Did you know that we have a secret ingredient in our bandanas? Every inch of fabric, every fiber, each dye color and mantra is infused with something incredible: moxie. (To be honest, even our brass and leather bandana slides, and paper products have it too!)
Merriam-Webster has three definitions that capture this word ‘1. energy, 2. courage, 3. know-how’. Moxie is a ‘Force of character, determination, or nerve.’ Moxie is not a verb, it’s not an adjective, it’s a noun. Moxie is something that you have, something you hold, something you keep close.
Where does this moxie come from?
All you trailblazers out there have the same moxie that inspired Jenni to start her own company, rise from the ashes of personal struggle, and print her first bandana, ‘be brave’. We are in-awe at the courage and energy that you all bring to each challenge, each day and every obstacle. The Jenni Earle gang has a lot of moxie, but it’s the stories we hear from our fans that replenishes our stocks of determination and nerve--and all that goes into every piece we make.
Any force, even a force of character, can be overwhelming. My experience is that my moxie can be deemed “too much” by people in my life. Women with determination and strong character are sometimes painted in a less-than-flattering light: they are difficult, emotional, or too serious. I have had both men and women in my life call me “intimidating”, and even at times “scary”.
When I receive negative feedback I find myself wanting to become smaller, quieter, easy-going, and more submissive. I feel that my moxie turns me into a giant monster, like King Kong or Godzilla: all my friends, family and potential romantic partners run screaming through the streets while I smash buildings in the background. What they don’t know is that I’m not chasing them, I’m trying to follow them. I want to be seen, understood and loved.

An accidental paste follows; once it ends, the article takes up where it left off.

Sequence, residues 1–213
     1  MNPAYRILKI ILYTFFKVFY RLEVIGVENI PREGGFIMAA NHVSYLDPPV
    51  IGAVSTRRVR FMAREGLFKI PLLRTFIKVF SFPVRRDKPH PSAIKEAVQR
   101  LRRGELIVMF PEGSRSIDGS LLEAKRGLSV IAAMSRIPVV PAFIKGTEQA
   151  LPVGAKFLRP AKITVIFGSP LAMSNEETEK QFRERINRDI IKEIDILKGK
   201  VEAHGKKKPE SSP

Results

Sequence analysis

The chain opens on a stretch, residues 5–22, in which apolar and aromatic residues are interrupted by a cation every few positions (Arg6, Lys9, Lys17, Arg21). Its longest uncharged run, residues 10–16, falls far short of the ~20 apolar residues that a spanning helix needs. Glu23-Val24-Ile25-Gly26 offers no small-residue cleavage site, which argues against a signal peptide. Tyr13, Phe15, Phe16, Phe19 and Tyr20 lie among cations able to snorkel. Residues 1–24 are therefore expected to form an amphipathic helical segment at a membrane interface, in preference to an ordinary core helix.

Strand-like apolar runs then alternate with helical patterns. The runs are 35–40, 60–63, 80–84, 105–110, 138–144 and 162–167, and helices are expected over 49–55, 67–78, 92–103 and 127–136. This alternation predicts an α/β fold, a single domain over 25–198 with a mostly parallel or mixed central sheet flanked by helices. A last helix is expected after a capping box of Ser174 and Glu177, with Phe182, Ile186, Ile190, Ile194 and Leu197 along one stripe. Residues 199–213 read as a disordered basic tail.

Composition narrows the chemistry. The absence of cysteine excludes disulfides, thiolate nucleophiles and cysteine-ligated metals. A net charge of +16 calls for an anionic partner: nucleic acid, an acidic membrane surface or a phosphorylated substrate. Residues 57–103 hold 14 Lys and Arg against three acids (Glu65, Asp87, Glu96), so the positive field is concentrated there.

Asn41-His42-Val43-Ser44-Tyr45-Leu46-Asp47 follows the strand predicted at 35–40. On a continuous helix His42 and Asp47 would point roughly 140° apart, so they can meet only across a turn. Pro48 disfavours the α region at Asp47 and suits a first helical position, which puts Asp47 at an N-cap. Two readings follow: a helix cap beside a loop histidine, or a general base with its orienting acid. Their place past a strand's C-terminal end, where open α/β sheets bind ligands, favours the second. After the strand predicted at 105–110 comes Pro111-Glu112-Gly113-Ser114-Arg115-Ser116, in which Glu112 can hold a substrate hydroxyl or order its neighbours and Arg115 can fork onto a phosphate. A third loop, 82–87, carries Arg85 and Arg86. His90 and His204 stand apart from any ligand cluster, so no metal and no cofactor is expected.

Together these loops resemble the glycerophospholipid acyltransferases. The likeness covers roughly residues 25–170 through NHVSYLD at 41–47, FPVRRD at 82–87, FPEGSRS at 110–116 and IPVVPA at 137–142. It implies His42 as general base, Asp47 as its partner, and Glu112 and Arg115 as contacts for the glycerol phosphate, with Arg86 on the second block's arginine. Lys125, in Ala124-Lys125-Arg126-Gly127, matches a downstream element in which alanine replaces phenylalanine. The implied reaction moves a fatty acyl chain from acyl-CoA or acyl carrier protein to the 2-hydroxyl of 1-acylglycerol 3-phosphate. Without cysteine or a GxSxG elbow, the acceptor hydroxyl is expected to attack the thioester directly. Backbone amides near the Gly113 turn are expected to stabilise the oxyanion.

Don’t be afraid of yourself. Don’t let other people tell you that the moxie you have is a bad thing. Moxie is what gets us out of difficult situations. Sometimes, moxie is what reveals an obstacle.
The movie Moxie came out this year. It is directed by Amy Poehler, and adapted from a novel of the same name by Jennifer Mathieu. The movie features young protagonist, Vivian, who is a quiet girl that is grateful to be outside of the spotlight of high school social rankings. Members of Rockport High School vote and rank girls based on desirable body parts (gross). A new student, Lucy, arrives to Rockport High and shakes up Vivian’s conception of how a young girl should handle the social pressure created by male classmates. Vivian advises Lucy to “keep her head down” so that a particularly toxic male character, Mitchell, will hopefully “move on to bother someone else”. Lucy responds: “I’m going to hold my head up. High.”
Vivian eventually begins to see that the “normal” high school behavior is incredibly problematic. The friendship between Vivian and Lucy sparks a revolution in the highschool orchestrated through a self-published magazine called Moxie. The girls of Rockport High--even the popular ones that get voted up by male students--are tired of being ignored, diminished and categorized. It’s a real “girl-power” kind of movie.
Moxie is for everyone, not just girls in high school. We all have a little bit of it in us; it’s what makes us speak up when we feel strongly, it blossoms when we take the first step to realizing a dream. It takes a lot of strength and determination to be authentic, whoever you are, whatever you are doing, however you identify yourself in this world. We’ve all got it, and we all need it; that’s why we make our bandanas.
It’s your moxie that perks up when you hold a Jenni Earle bandana. It’s a sign that you are recognizing our not-so-secret ingredient.